A Partnership for Better Pediatric Prosthetics
A team of University of California, Davis, researchers is part of a unique, multi-disciplinary public scholarship partnership with Shriners Children's Northern California that is not only advancing scientific discovery, but also working to create better prosthetic options for children.
The initial results of this work are unexpected and amazing, according to chief of orthopedics Michelle James, M.D. of Shriners Children's Northern California, who is a collaborator on the project and co-Principal Investigator with Shriners Children's biomedical engineering Anita Bagley, Ph.D. on one of the grants supporting this work.
Another Shriners Children's staffer added, "When Dr. James told me about the results, I almost fell out of my chair. I'm not joking!"
The UC Davis team includes the Bionic Engineering and Assistive Robotics Laboratory, or BEAR Lab, which is an interdisciplinary engineering lab that uses advanced mechatronic control and sensory feedback devices to blur the line between man and machine. It also includes Professor Wilsaan Joiner from the Department of Neurobiology, Physiology and Behavior in the UC Davis College of Biological Sciences.
Among their many research projects, this project is focused on developing prostheses with an intuitive control interface for children who were born without a hand, also known as transverse deficiency. The partnership between UC Davis researchers and Shriners Children's Northern California, located in Sacramento, is influenced by community members who are living with congenital limb differences, and is supported by grants from both the National Science Foundation and Shriners Children's Clinical Research Program.
"The idea is that we want to find a way that will allow children to control how they use their prosthesis in a very intuitive way," said Jonathon Schofield, assistant professor of mechanical and aerospace engineering and principal investigator of the BEAR Lab. "Over the course of their childhood, children who are born without a hand sometimes choose not to use a prosthesis, but when they do want to use one, we want to provide the best possible options."
A lack of pediatric prosthesis
The reason this study is so important is because there is currently a lack of viable options for children who were born without upper extremities. Most technological advancements for prostheses currently on the market are for adults who once had limbs but lost them later in life.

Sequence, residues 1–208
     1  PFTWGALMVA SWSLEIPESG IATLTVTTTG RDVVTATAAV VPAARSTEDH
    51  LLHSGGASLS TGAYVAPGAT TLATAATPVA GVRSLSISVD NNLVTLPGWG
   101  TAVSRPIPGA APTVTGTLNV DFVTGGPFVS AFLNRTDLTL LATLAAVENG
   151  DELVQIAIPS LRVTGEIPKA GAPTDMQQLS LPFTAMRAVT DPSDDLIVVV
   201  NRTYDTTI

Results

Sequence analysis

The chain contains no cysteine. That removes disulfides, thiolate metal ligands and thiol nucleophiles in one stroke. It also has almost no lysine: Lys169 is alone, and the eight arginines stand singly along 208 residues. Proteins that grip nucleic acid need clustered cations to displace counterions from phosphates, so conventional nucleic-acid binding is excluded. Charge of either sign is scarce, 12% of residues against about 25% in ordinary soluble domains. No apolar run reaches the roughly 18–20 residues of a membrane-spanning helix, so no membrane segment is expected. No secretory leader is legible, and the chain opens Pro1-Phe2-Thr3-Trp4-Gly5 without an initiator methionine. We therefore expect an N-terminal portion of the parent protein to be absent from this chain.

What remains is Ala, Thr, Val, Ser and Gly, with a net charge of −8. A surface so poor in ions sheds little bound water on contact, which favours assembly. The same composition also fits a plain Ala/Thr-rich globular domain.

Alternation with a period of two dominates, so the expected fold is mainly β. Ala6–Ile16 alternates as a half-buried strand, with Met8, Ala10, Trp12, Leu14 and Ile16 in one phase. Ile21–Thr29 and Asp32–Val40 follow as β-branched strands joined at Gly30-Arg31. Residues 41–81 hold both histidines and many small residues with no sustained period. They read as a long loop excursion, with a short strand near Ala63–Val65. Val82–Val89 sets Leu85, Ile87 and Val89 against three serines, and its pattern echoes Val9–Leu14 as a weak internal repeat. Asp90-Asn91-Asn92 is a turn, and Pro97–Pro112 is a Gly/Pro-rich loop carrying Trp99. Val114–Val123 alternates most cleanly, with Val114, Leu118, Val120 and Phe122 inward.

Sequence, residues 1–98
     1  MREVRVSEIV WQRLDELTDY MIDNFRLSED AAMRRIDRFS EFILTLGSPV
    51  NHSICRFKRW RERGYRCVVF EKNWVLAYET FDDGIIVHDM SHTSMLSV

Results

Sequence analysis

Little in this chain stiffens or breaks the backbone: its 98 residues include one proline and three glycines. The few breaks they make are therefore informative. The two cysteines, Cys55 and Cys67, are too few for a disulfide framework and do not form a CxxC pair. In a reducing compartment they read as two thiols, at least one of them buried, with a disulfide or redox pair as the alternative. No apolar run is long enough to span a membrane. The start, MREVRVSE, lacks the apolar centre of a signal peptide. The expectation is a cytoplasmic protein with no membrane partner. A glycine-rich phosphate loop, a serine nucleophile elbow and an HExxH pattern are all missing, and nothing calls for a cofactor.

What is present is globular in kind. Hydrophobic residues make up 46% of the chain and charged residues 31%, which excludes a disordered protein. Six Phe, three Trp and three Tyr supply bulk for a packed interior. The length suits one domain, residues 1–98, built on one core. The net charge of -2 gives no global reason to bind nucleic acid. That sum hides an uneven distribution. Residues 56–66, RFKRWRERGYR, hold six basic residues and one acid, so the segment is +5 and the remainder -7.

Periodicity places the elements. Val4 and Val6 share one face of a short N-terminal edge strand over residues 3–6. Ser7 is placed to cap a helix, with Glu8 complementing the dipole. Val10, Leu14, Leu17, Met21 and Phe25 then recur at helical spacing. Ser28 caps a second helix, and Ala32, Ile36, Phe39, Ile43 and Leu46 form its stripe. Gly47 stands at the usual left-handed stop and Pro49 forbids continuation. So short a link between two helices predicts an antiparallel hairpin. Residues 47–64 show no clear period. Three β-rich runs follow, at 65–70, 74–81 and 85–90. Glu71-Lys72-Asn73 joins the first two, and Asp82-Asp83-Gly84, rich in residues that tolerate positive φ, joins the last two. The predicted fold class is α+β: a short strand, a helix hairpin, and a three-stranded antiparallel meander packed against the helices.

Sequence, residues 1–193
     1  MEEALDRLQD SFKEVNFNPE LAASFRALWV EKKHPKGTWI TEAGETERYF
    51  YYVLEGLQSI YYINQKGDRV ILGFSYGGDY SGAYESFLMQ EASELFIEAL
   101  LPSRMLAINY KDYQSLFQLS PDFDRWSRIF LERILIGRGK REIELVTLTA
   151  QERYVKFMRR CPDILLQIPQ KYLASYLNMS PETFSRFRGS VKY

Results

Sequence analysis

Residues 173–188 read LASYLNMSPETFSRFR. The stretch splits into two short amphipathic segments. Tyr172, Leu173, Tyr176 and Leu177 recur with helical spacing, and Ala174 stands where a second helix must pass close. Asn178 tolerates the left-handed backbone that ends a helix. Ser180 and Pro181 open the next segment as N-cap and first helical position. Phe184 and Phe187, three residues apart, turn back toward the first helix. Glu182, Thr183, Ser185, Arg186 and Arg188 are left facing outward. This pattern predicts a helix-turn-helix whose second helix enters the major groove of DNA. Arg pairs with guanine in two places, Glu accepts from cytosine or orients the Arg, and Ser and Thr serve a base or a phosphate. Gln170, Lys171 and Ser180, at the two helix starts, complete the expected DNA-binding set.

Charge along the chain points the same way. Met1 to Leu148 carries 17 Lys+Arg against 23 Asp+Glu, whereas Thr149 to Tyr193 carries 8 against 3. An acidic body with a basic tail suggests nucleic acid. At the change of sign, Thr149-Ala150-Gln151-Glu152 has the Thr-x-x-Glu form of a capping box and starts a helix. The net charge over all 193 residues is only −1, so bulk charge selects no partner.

One reason for that is patient volume. In the United States, approximately 200 babies are born each year with transverse deficiency, and about 10,000 sustain a hand amputation.
Another reason for the lack of pediatric prosthetic innovation is because, historically, children who are born without a hand or limb often don't want to use a prosthesis because they function well without one. Many children often report that they feel like the prosthesis is in the way. This feedback from children has contributed to lack of support for creating better pediatric prostheses. Therefore, research and development for pediatric prostheses has not progressed as it did for their adult counterparts.
Yet there is a need to improve the functionality of a prosthesis for children who were born with transverse deficiency. One reason is that the daily tasks performed by children differ from those performed by adults, although they still require a range of grasp and pinch patterns. For example, an adult may want to open a jar, lift weights at the gym and chop vegetables with a knife; whereas a child wants to hang from the monkey bars, play the drums and build with Legos. Additionally, the synaptic responses during muscle control for a person born without a limb may be different than a person who was born with a limb and then lost it.
Researchers on the team want to develop a new prosthesis with a different control mechanism that takes full advantage of the body's natural inclination towards dexterity and enables multiple different grasps.